Recent graduates have taken many paths, including graduate school programs in international affairs, law, national security, public administration, political science, business and communication; and careers as political advisers, marketing directors, analysts, lawyers and television producers.

Recent graduates of our program work for:

  • America Votes
  • American Heart Association
  • Boelter & Lincoln Advertising
  • Congressional Black Caucus Foundation Inc.
  • Illinois Republican Organization
  • JP Morgan Chase
  • Michael Fitzpatrick Law Office
  • National Forensic League
  • Organizing for America
  • Piper & Schmidt
  • Project Vote Smart
  • State of Minnesota
  • State representatives
  • State senators
  • Target Corporation
  • The Institute of World Politics
  • Wisconsin Historical Society

Job titles of recent graduates include:

  • Youth market coordinator
  • Director of marketing
  • E-Commerce strategist
  • Pricing analyst
  • Campaign staff member
  • Grants & development coordinator
  • National director
  • Attorney
  • Political research
  • Development associate for major & planned giving
  • Legislative analyst
  • Chief of staff
  • Policy adviser
  • U.S. sales manager
  • Television producer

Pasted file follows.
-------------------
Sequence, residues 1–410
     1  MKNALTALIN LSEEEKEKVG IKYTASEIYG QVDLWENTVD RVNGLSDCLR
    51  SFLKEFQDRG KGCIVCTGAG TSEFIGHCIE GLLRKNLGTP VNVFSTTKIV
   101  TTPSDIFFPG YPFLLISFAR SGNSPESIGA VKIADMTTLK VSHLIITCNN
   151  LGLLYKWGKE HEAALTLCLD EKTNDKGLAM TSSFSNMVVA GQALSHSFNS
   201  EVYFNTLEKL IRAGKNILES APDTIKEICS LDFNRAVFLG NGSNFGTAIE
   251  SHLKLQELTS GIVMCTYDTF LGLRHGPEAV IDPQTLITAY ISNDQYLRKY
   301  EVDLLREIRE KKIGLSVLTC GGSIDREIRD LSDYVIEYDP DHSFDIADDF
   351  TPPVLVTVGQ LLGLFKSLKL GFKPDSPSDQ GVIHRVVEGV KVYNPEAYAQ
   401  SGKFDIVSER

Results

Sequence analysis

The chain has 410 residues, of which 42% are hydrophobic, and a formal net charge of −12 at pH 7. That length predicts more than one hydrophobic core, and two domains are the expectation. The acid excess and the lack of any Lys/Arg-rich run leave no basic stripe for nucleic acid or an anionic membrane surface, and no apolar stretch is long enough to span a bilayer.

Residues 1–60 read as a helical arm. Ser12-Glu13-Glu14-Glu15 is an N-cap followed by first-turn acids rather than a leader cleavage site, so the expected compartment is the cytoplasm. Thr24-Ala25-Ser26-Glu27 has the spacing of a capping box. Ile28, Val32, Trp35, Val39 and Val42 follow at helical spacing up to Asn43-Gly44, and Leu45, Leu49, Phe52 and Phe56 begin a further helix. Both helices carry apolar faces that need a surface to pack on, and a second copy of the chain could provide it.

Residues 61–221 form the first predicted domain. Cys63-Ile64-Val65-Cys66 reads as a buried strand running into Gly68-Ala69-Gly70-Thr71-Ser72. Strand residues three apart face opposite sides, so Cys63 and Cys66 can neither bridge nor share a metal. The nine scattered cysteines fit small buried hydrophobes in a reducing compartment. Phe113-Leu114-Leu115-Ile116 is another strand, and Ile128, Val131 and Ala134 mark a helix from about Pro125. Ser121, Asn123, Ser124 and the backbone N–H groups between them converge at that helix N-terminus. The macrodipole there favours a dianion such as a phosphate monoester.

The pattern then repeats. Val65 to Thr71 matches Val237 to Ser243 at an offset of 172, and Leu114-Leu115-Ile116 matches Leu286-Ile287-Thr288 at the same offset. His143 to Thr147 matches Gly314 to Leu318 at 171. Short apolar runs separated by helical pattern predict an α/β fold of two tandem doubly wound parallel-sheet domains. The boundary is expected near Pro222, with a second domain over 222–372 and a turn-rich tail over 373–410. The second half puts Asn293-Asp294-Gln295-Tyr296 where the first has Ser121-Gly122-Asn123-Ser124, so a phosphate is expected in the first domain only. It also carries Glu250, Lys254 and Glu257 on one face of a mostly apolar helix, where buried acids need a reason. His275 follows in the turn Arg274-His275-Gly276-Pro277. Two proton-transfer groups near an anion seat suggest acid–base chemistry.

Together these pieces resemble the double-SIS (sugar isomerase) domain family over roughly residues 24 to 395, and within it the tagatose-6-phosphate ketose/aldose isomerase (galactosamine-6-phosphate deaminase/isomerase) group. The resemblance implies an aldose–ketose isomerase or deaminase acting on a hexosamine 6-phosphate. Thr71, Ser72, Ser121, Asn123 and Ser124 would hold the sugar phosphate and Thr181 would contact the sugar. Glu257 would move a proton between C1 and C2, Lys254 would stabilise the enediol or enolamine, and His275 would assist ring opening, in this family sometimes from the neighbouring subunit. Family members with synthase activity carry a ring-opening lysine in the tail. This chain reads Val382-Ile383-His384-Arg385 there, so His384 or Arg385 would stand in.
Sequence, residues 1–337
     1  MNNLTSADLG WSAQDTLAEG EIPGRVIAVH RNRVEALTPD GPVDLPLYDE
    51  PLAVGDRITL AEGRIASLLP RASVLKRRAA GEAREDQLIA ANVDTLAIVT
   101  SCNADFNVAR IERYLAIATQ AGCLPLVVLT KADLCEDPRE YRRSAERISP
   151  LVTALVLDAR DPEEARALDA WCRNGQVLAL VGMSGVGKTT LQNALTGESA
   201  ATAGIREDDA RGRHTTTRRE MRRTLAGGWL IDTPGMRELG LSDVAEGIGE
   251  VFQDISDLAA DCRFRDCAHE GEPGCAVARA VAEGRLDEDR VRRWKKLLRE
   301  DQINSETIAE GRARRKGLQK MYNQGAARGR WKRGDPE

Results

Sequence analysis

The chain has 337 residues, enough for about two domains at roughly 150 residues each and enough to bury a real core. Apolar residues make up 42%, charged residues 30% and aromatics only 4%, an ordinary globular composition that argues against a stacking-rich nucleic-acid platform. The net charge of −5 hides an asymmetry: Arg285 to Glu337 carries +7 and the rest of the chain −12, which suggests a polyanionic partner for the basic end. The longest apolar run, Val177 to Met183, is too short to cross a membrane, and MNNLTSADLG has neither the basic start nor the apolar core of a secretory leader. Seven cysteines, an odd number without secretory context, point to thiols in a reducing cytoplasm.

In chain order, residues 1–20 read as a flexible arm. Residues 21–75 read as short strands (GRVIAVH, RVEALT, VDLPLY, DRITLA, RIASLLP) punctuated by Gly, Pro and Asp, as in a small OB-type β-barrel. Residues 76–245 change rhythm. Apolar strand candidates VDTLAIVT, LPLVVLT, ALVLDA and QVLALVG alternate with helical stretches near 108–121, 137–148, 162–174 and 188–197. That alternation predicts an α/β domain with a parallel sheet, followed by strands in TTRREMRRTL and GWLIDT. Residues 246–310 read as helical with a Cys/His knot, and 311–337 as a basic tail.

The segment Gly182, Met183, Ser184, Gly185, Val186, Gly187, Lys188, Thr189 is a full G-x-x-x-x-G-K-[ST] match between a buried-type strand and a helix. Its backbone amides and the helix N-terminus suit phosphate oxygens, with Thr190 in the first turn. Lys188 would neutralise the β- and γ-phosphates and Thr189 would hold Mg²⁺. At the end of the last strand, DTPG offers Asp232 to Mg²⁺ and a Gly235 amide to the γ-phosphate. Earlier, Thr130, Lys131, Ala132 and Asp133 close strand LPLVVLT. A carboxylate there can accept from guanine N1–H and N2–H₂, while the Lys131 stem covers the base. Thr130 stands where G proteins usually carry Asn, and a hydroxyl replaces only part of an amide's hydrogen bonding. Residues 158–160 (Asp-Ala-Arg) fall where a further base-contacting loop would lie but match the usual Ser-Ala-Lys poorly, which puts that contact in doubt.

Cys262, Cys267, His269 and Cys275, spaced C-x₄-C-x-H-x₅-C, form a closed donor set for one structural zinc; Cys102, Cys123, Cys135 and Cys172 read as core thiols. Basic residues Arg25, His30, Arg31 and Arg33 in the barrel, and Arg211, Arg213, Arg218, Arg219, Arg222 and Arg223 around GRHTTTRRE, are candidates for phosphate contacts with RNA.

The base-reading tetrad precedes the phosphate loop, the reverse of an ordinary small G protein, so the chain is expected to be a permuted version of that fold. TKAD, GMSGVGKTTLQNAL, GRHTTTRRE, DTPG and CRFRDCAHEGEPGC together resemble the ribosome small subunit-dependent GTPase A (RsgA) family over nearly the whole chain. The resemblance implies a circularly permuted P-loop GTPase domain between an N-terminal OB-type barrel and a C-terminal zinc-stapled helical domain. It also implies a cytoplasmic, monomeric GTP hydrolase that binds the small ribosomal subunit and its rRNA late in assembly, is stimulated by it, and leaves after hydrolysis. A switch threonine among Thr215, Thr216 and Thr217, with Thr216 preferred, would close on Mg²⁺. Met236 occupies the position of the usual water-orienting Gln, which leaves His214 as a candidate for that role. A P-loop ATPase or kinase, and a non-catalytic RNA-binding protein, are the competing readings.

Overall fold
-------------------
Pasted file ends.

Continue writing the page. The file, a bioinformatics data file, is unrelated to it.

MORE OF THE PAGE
• Branch operations assistant

Off-Campus Study

Whether you choose a program that is international or domestic, it is an experience bound to change your view of the world. Click here to learn more about Off- Campus Study at Ripon College.

Unique Opportunities

Unique Emphasis on Methodology

The courses of the politics and government department are geared toward providing a solid foundation for the understanding, analysis and evaluation of contemporary political issues. We strongly stress research and writing throughout our curriculum, and we are unique in the emphasis we give to integrating the study of methodology (how information about politics is gathered and analyzed) with the study of specific areas of politics.

We require the study of both American and non-American political systems, with the aim of preparing students to be citizens in an increasingly global society. While many of our majors go on to further study in political science or law, many others begin careers in business, journalism or public service directly after graduation.